Now’s no time for hard questions about coronavirus – save them for when there’s nothing the government can do about it

If the British media had been at a press conference on the Titanic as it began to sink, they’d have told the captain: ‘Obviously you have my full support while we drown, but if I’d survived, I’d have asked you whether you could have prevented us from drowning’

Mark Steel
Thursday 16 April 2020 15:25
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Coronavirus in numbers

Aren’t people marvellous? Nurses, for example, are marvellous. This is why it’s so unfair that politicians have been reminded they cheered, when they passed a bill three years ago that blocked a nurses’ pay rise. These MPs have no need to feel embarrassed, because what our workers treasure more than grubby money is being clapped.

So for their next pay deal, the government can announce they’ll clap them every Wednesday morning as well as on Thursday nights. This will amount to a staggering 100 per cent rise in applause, which will more than compensate for their 20 per cent cut in pay.

Boris Johnson said the Portuguese nurse who cared for him is marvellous. So it would be unkind to mention how that nurse would be banned from coming here under the government’s proposed immigration scheme. There would be a simple way around this. Maybe said nurse could pop over from Portugal in the morning if he needs to look after a senior member of the cabinet, then pop back home straight after his shift. That way, he can’t sponge off us by looking at our parks or using light from our lampposts. Imagine if the nurse had caught the virus himself, the way many NHS staff do, while he was caring for the prime minister. We’d have been expected to look after him with our health service, paid for with our taxes. Is it any wonder people voted for Brexit?

Captain Tom Moore, the 99-year-old who raised £13m walking around his garden, is also marvellous. And the government could use his efforts to learn how to fund a health service. Because we’ve been using this outdated method, in which we take part of everyone’s income in “tax”, and spend it on plasters and X-ray machines. But that’s unfair on certain people in society, such as those groups who don’t want to pay tax because they’re selfish arseholes.

So instead, from now on, we should find out how much our health service needs for the next month, and then tell Captain Tom Moore how far he has to walk to raise it.

In a normal summer, when there are fewer people in hospital, he’ll only have to do a few miles a day. Then in winter when we need more beds, he’ll need to get a bit of a trot on. It’s so simple it’s amazing no one has thought of it before.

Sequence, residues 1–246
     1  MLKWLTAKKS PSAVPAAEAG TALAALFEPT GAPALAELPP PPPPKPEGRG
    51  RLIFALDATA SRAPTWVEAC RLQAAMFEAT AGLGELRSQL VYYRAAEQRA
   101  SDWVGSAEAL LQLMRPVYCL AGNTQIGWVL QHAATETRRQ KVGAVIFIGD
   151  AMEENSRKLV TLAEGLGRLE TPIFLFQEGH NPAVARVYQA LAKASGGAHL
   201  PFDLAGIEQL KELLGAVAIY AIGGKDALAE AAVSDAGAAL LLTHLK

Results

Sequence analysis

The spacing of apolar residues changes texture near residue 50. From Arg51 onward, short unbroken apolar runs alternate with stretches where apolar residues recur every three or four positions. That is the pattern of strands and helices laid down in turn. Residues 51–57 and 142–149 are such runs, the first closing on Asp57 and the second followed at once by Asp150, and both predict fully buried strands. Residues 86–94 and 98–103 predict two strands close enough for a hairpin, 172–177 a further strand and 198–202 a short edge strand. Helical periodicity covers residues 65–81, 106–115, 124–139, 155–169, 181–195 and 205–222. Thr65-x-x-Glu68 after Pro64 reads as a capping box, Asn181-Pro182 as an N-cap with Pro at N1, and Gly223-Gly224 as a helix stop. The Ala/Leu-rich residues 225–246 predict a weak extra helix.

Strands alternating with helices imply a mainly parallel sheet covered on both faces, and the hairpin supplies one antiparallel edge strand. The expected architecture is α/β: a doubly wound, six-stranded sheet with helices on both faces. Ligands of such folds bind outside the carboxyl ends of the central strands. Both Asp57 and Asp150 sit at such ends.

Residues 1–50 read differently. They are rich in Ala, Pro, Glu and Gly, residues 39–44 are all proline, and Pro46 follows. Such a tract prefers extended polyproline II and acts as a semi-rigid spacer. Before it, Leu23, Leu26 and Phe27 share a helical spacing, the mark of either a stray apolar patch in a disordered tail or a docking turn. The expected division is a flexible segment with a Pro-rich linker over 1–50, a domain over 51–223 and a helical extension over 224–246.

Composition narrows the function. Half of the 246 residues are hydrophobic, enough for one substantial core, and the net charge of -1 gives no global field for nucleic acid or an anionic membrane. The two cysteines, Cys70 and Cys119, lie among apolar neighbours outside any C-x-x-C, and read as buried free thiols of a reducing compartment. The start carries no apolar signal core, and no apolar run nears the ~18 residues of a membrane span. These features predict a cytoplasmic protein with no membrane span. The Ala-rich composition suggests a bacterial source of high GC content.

Matt Hancock also understands you have to be cruel to be kind, which is why he told NHS staff the “shortages” of protective equipment were because they weren’t using it properly. “We need everyone to treat PPE like the precious resource it is,” he said, and “use the equipment they clinically need, in line with the guidelines.”

I hope they take notice, because he knows so much more than medical staff, about how to use medical equipment. Maybe he should pop into a hospital and show them how to carry out a liver transplant, without wasting bandages and paracetamol like they usually do.

Then he should be even sterner with the wasteful nurses, and tell them: “You can’t keep changing your protective gear every day just because it’s covered in virus. This is no time to worry about fashion. Who do you think you are: Gwyneth Paltrow?”

You Clap For Me Now: Video highlights black and minority ethnic key workers during coronavirus pandemic

In any case, the government can’t be doing anything wrong, because they’re “being led by the science”.

If you were picky, you might ask why Germany has tested 10 times as many people as we have and has one-quarter of the death rate. The answer is simple: in Germany science is different from here.

German molecules of virus are easier to control, because they move in straight efficient Germanic lines and obey when they’re given orders. Easier science has always been Germany’s advantage. For example, they don’t have gravity, which is why they were able to get those zeppelins up and running so quickly. And the laws of motion make objects travel faster there, which is why they always win at penalty shoot-outs.

Similarly, no one seems to ask why didn’t we take part in the EU scheme to distribute ventilators. The government said it’s because we “didn’t get the email” and that was accepted.

Tony Blair must wish he’d thought of that after the Iraq War. Instead of that annoying inquiry, he could have explained: “The email that said Saddam didn’t have weapons of mass destruction got mixed up with one announcing a special offer on armchairs at DFS, so I didn’t see it, I’m afraid.”

So now, journalists and opposition parties agree we should save difficult questions until later. This seems fair, because it’s always best to wait until a crisis is finished, when there’s nothing you can do about it, before you ask why nothing’s being done about it. Instead of wasting time asking why our testing rates are lower and death rates are higher than anywhere else, it’s now time our journalists and politicians asked what went wrong at the Battle of Hastings.

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If the British media had been at a press conference on the Titanic as it began to sink, they’d have told the captain: “Obviously you have my full support while we drown, but if I’d survived, I’d have asked you whether you could have prevented us from drowning.”

Then a week later, when 1,500 had perished, the first 10 minutes on the news would be: “Wonderful news, as reports are coming in that the captain is sitting up straight and has enjoyed his first breakfast since leaving hospital. ‘Let’s get the iceberg done,’ he joked. Isn’t he marvellous?”

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